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From Salida, California, USA:

My three-year-old son was recently seen in the Emergency Room (ER) for respiratory distress. They treated him for asthma with breathing treatments and a small dose of an oral steroid. Minutes before we were to be discharged, the nurse came in the room and said they had tested his blood sugar and it was high. The test was probably wrong, so they decided to re-test him; his blood sugar was 296 mg/dl [16.4 mmol/L]. The doctor inserted an I.V. and hydrated him, spoke with a pediatric endocrinologist and gave him some insulin. We were transferred by ambulance to a hospital 90 miles away where he was seen by a pediatric endocrinologist in the P.I.C.U. His blood sugar was lower and continued to be within the normal range for the three days we were in the hospital. We were sent home with a meter and told to check his blood for the next two weeks. If the levels were greater than 200 mg/dl [11.1 mmol/L] twice, we were to call the endocrinologist immediately. Since he has been home, he has recovered from the virus he had and breathing treatments have ceased. His blood sugar levels have been between 70 mg/dl [3.9 mmol/L] and 105 mg/dl [5.8 mmol/L]. His GAD-65 came back with good results. My pediatrician thinks he could still be pre-diabetic because of his levels in the ER. She wants me to stay on top of testing him the next time he gets sick to see if they go up again. Could an oral steroid cause his blood sugar to reach 296 mg/dl [16.4 mmol/L]? He also had sugar and ketones in his urine at that time. He does urinate frequently and seems to ask for something to drink a lot more often lately. What are your thoughts?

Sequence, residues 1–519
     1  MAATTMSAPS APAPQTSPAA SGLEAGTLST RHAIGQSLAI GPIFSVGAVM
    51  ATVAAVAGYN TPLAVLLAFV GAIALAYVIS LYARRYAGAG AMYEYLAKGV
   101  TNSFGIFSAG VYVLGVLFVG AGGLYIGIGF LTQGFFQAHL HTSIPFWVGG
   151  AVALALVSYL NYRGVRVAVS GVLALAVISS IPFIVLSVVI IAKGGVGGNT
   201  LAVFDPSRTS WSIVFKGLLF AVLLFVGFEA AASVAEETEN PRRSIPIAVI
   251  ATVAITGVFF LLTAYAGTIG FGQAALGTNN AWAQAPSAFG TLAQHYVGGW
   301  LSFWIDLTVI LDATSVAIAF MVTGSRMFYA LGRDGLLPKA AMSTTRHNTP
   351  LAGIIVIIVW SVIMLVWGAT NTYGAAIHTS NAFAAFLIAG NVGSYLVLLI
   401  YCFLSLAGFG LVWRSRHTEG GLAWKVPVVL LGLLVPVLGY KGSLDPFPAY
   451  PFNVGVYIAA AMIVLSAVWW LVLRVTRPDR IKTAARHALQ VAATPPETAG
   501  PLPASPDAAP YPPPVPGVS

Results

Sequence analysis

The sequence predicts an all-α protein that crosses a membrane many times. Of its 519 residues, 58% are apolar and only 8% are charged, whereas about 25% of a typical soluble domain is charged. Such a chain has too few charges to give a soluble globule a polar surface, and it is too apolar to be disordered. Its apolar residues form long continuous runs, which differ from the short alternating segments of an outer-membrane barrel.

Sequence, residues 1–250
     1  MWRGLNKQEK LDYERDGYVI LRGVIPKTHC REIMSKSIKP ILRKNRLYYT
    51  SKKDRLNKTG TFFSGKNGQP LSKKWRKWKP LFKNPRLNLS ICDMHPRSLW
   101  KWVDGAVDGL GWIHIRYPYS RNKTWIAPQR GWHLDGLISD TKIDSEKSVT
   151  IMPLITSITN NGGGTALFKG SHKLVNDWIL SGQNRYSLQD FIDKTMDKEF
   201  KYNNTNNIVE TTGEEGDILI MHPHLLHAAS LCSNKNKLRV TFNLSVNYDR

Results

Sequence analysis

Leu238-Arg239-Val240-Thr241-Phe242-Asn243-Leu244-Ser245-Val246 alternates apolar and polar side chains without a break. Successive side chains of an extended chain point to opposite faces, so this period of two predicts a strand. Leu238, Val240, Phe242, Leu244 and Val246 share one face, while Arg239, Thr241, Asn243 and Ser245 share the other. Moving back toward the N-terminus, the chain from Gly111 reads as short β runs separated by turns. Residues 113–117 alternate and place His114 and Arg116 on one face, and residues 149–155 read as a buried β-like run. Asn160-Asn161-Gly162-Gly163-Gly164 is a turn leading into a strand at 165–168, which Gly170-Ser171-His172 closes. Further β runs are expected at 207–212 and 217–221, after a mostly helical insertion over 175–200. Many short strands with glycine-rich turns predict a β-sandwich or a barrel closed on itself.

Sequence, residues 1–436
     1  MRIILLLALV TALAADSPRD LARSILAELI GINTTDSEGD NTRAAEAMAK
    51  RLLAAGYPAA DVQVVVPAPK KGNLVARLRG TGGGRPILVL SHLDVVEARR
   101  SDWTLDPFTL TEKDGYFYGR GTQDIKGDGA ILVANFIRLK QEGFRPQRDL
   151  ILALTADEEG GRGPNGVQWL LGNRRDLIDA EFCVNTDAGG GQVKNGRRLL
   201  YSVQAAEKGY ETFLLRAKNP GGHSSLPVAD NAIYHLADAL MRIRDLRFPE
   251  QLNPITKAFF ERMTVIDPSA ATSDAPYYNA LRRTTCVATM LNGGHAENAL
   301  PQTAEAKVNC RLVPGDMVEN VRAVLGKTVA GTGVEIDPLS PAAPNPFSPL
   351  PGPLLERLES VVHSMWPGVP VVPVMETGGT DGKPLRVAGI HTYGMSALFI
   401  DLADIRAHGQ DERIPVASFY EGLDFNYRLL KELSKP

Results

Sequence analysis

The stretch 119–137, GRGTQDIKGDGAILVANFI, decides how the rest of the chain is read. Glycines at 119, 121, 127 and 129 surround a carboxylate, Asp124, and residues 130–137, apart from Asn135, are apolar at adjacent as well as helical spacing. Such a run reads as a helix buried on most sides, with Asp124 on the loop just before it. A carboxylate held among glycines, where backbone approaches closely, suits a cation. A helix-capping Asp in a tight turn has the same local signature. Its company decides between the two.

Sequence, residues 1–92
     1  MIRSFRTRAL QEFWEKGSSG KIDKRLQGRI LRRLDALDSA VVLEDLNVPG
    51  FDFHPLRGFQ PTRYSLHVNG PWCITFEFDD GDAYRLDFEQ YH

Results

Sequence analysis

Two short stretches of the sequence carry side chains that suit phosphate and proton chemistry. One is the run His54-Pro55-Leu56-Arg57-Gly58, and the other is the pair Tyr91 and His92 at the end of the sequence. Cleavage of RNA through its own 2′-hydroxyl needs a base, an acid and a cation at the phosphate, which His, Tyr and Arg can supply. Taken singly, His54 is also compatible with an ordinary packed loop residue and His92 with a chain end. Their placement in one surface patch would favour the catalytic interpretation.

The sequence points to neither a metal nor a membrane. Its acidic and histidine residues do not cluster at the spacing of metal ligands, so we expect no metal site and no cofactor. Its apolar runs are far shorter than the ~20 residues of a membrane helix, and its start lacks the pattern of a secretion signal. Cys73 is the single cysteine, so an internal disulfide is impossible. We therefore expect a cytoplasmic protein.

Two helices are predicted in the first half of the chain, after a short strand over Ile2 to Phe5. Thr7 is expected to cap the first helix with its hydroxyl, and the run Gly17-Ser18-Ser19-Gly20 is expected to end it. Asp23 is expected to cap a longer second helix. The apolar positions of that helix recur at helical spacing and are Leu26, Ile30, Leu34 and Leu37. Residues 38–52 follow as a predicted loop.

Oral cortisone or other steroids like this do not instantaneously raise the blood glucose. After several hours or several days, however, this could occur. Illnesses of any kind, however, can interfere with insulin and if he were going to develop diabetes, then this could be the precipitating factor. It is also hard to believe that the high blood sugar coupled with high urine sugar and positive ketones were all erroneous. So, I would agree with your pediatrician and be especially vigilant with any other illnesses of any kind and particularly if there were any unexplained increase in urination, increase in thirst, weight loss, bed wetting, etc. Home monitoring of blood glucose would be very important as would testing for known islet cell antibodies (ICA, GAD-65 and IAA, for instance). If negative, this does not help to figure this out very well; if positive, this means there is underlying inflammation and a likely change to overt diabetes in the future.


Original posting 28 Oct 2008
Posted to Hyperglycemia and DKA and Diagnosis and Symptoms


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